Tick, Tick. Briton Riviere, RA (1840-1920). 1881. Oil on canvas. Measurements: 36.5 x 48 cm. Russell-Cotes Art Gallery and Museum, Bournemouth. Accession number: BORGM 01870. Acquisition method: gift from Sir Merton Russell-Cotes, 1921. Image available on the Art UK website for sharing and reuse on the CC BY-NC-ND (Creative Commons Attribution-NonCommercial-NoDerivatives) licence [click to enlarge the image]. Commentary by Jacqueline Banerjee.

Giving Riviere his due, by saying that he comes close to Landseer in his best work, the Art Journal critic suggests that he will never be as popular as Landseer because of his concern for "artistic quality" — a strange argument and one that cannot detract from the quaintness of this painting, which, as this critic says, shows "an inquisitive puppy ... in close proximity to his master's watch" (295). The point here is surely that the puppy is waiting for the passage of time to bring home its master. Then the key will turn in the lock and the wait will be over. The critic seems himself to be fixated on the watch: "No modern machine-made article is the watch, but a good old-fashioned turnip-shaped watch of loud ticking capacity, quite enough to overcome the prudence of any large-minded pup, however well trained he may have been" (295). Again, he seems to have missed the admittedly anthropomorphic point. The pug's patience is being tried, not his prudence. Pugs were very popular in the Victorian period and this one's wrinkled face and anxious eyes would have appealed to many a dog-lover as well as to art-lovers. Sentimentality is nicely offset by humour here.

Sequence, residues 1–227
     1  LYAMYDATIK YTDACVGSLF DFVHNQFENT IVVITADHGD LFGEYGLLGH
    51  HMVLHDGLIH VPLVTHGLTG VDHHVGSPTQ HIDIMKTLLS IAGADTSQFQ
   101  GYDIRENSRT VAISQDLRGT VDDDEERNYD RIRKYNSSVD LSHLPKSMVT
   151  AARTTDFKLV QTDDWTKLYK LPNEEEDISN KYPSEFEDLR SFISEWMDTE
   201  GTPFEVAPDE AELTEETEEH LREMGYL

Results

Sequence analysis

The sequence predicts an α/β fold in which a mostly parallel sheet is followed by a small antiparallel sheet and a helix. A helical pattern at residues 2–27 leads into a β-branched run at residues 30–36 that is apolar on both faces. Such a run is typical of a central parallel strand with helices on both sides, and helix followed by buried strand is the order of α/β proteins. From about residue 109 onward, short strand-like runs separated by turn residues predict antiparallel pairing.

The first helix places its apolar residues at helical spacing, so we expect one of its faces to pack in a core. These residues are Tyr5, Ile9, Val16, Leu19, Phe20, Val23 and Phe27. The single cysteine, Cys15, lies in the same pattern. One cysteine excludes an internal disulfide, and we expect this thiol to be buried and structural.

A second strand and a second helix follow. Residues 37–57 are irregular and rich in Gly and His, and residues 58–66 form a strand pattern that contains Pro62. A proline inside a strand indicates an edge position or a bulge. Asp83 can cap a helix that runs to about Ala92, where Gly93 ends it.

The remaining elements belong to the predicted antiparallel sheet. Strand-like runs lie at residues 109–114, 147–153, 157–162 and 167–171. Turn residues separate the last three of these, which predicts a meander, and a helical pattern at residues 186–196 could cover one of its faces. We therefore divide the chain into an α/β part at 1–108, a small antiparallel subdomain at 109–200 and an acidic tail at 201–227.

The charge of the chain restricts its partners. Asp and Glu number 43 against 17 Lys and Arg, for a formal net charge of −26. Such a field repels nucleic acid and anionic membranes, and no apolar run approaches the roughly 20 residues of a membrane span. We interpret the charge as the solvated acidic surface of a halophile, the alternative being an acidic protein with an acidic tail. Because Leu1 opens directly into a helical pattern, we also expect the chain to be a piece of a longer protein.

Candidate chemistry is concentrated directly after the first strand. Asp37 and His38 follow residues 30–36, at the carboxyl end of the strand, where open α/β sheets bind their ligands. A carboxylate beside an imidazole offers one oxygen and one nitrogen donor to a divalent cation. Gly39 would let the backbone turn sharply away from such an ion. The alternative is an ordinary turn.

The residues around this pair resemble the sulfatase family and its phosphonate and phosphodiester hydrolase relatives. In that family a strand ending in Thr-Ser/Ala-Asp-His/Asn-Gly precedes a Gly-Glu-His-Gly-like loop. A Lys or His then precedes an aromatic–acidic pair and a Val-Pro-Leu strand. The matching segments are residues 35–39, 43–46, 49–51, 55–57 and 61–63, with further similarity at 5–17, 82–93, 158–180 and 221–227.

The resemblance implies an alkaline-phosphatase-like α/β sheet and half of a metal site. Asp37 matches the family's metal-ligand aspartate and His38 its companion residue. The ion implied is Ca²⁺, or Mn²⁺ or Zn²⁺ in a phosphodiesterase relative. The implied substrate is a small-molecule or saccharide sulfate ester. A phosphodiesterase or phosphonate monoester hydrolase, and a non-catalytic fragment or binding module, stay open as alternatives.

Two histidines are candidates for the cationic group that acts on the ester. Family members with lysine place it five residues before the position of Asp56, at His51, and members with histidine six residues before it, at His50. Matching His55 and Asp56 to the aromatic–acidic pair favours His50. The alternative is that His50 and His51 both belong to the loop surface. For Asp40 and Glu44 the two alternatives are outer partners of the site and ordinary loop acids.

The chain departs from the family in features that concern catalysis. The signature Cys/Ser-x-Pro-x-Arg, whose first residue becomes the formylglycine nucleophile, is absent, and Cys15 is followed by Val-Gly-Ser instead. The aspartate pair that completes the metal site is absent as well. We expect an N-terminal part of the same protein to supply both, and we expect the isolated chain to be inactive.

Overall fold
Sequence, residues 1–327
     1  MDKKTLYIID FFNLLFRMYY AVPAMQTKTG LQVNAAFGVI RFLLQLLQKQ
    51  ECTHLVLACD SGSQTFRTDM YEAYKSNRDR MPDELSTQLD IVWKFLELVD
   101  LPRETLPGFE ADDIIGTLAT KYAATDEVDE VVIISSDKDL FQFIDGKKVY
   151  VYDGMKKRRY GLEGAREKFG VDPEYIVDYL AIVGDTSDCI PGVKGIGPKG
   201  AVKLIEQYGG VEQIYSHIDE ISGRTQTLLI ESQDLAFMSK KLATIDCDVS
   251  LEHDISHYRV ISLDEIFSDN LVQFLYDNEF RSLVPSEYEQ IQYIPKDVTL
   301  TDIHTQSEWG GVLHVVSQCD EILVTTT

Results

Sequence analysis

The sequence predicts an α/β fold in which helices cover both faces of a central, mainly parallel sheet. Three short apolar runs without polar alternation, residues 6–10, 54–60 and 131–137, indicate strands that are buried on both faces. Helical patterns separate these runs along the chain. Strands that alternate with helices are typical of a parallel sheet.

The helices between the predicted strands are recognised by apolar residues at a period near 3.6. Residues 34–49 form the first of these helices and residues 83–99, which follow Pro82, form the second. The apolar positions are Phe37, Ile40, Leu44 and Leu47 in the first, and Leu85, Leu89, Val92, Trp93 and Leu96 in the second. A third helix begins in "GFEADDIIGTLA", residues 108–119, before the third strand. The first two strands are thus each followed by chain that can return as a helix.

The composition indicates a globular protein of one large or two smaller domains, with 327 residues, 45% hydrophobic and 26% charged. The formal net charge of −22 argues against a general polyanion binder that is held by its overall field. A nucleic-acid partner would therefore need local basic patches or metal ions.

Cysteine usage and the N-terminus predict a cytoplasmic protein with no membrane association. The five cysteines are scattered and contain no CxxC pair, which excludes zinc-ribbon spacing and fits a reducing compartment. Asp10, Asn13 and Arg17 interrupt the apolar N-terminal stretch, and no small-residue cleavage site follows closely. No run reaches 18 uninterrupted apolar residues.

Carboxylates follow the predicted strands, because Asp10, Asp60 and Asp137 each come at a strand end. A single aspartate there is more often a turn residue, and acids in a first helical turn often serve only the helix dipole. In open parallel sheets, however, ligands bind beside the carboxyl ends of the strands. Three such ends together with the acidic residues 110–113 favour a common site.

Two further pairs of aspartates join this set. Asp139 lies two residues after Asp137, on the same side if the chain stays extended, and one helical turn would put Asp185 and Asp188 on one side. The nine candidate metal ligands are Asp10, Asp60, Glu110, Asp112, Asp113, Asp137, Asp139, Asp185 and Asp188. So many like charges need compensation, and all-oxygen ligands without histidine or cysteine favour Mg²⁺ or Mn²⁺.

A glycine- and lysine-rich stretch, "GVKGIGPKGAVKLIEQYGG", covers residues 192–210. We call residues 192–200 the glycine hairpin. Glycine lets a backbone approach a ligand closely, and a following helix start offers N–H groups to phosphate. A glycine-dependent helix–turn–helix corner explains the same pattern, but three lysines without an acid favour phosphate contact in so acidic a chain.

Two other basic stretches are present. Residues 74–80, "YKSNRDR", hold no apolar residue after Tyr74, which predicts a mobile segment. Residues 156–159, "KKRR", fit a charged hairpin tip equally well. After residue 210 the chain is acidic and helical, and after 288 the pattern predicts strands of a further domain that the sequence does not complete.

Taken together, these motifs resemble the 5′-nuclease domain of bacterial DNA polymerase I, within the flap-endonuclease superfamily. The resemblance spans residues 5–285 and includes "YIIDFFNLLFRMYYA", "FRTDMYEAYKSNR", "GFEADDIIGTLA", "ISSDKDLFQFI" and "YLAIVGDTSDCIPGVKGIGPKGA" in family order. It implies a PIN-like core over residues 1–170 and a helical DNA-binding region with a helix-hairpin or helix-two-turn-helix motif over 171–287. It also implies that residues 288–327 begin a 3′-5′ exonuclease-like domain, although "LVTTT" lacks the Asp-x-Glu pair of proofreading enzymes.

"The Collection of Merton Russell Cotes, Esq., J.P." Art Journal. Vol. 57 (1895). 293-95. Internet Archive. Contributed by the Getty Research Institute. Web. 5 October 2018.

Created 5 October 2018